Opinion: Accepting death difficult for doctors, but needs to be done
We will all die, but the trajectory of our death will follow one of a few predictable patterns. According to statistics published in 2003 in the Journal of the American Medical Association, two-fifths of us will die with prolonged, dwindling illness on a slow downward slope typical of dementia or frailty. One-fifth will die with a sharp decline typical of, for example, metastatic cancer. Another fifth will die with intermittent dips, like a roller coaster, from heart or lung failure; and a small percent will die suddenly and unexpectedly, like falling off a cliff. Nearly 80% of us want to die at home, polls have shown, but most die in the hospital, often strapped to a bed in the intensive care unit.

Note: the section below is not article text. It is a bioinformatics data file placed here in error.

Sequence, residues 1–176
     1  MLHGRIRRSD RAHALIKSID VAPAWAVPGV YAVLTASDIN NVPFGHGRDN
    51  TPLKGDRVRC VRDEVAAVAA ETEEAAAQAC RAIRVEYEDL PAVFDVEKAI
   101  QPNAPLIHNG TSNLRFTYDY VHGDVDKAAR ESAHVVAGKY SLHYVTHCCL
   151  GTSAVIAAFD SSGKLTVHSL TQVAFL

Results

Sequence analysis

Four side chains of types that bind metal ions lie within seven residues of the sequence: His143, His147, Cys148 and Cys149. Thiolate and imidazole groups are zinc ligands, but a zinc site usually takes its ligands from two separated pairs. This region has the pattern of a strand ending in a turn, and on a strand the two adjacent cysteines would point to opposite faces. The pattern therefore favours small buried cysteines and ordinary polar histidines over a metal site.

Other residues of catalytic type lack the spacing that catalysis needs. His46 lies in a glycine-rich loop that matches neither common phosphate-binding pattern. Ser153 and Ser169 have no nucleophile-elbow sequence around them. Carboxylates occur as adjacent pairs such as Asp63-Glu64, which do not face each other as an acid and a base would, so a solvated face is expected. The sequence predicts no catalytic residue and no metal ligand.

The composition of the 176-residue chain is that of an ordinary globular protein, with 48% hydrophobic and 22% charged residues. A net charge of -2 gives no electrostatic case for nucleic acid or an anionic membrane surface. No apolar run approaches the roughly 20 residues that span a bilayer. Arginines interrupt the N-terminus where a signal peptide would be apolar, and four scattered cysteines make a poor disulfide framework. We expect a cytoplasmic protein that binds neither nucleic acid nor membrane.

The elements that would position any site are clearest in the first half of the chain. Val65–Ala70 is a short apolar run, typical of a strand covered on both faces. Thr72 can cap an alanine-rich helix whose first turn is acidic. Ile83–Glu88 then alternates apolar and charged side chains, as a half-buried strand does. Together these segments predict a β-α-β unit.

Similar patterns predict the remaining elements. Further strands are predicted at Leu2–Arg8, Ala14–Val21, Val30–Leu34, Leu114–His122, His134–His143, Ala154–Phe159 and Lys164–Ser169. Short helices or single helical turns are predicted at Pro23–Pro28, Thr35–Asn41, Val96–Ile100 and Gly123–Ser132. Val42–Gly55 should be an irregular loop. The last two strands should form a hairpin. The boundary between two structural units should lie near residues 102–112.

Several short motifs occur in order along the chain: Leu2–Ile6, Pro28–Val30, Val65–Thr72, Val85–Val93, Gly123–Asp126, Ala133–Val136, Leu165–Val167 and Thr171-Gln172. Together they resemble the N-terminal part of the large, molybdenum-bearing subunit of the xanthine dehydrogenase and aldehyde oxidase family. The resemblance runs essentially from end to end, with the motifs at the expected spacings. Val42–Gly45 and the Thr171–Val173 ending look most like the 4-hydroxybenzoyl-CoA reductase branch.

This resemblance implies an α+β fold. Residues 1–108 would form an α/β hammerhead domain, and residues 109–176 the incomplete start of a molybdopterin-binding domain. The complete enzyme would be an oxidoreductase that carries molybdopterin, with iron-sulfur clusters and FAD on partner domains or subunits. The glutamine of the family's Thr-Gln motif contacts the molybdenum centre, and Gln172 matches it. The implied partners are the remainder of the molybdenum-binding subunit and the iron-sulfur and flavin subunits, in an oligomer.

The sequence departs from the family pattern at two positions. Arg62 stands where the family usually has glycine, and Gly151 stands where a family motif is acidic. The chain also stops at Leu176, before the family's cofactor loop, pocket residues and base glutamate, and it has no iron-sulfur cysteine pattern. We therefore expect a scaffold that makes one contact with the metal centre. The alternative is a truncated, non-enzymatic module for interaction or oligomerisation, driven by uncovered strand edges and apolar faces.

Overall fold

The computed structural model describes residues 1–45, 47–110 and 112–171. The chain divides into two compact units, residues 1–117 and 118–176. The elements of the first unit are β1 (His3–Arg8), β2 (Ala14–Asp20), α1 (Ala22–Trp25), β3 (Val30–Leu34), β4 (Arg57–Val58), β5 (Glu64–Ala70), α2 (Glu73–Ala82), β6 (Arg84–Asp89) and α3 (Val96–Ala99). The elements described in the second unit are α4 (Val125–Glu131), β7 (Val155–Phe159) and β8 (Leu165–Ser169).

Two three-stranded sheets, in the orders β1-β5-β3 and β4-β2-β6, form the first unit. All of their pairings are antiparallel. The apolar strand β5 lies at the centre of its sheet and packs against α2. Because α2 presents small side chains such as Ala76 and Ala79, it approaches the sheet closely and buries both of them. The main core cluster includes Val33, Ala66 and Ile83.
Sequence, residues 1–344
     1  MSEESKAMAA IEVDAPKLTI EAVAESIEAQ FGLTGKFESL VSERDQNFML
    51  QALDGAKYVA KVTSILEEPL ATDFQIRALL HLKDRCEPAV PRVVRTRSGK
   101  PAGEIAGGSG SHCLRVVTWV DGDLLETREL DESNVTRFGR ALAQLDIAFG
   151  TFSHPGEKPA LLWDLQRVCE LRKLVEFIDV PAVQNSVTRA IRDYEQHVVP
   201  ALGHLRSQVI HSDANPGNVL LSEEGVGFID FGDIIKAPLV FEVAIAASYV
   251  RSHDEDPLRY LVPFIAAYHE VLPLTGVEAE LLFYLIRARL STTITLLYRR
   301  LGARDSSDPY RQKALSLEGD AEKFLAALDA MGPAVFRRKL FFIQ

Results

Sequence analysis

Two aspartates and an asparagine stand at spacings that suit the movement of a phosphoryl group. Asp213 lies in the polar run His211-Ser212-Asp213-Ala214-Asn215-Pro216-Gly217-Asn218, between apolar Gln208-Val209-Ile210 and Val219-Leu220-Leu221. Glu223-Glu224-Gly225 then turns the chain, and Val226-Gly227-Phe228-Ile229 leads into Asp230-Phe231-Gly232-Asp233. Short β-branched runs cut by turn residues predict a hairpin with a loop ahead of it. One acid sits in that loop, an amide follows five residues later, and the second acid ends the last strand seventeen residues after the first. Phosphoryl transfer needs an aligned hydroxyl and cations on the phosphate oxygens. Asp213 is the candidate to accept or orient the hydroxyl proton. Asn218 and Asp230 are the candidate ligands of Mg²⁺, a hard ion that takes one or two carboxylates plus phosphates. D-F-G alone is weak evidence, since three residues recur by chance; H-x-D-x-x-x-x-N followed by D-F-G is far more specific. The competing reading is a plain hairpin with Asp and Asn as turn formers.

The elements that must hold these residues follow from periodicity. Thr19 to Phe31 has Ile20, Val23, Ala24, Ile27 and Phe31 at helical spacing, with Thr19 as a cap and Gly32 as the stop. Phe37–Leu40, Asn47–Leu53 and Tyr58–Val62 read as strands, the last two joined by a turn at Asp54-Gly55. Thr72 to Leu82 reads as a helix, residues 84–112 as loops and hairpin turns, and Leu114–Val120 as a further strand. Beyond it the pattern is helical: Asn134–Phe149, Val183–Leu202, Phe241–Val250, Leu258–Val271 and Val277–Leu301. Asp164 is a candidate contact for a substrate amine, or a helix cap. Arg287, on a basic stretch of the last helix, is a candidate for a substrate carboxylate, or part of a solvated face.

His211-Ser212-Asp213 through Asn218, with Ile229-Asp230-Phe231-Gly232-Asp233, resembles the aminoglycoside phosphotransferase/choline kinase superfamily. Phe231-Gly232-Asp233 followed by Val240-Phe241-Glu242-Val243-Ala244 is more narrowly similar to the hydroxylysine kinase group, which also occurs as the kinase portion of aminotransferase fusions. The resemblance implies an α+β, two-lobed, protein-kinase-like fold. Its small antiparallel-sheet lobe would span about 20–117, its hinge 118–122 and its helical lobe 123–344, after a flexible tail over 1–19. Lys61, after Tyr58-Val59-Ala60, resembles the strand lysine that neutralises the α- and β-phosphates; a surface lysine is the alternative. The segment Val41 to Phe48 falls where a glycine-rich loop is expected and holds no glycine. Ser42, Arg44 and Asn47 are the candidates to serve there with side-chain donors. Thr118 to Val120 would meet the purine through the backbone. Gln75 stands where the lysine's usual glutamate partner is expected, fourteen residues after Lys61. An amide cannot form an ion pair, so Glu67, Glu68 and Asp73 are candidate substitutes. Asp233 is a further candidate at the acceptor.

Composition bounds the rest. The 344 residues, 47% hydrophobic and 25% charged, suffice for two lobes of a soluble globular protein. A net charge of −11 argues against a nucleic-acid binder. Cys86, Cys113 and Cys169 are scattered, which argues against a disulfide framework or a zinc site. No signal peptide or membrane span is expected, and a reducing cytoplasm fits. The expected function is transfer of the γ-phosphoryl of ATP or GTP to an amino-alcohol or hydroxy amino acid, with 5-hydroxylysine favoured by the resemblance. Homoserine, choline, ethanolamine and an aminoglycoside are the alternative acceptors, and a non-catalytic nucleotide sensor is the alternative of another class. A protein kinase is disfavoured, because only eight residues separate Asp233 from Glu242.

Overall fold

- CFO Exchange: Smartphones Poised to Disrupt Healthcare, Says Topol
- Consumerism Drives Healthcare Branding, Rebranding Efforts
- PA Ranks See 'Phenomenal Growth,' Lack of Diversity
- 3 Traits Personality Assessments Can't Reveal
- CNO on Hospital Redesign: 'You Can't Over-Communicate'
- How Digital Strategy Shapes Patient Engagement at Boston Children's Hospital
- Antibiotic Overuse a 'Huge Threat' to Patient Safety, Says CDC
- CHS Hacked, 4.5M Patient Records Compromised
- Carondelet to Pay $35M to Settle Fraud Allegations
- Half of All Primary Care, Internal Medicine Jobs Unfilled in 2013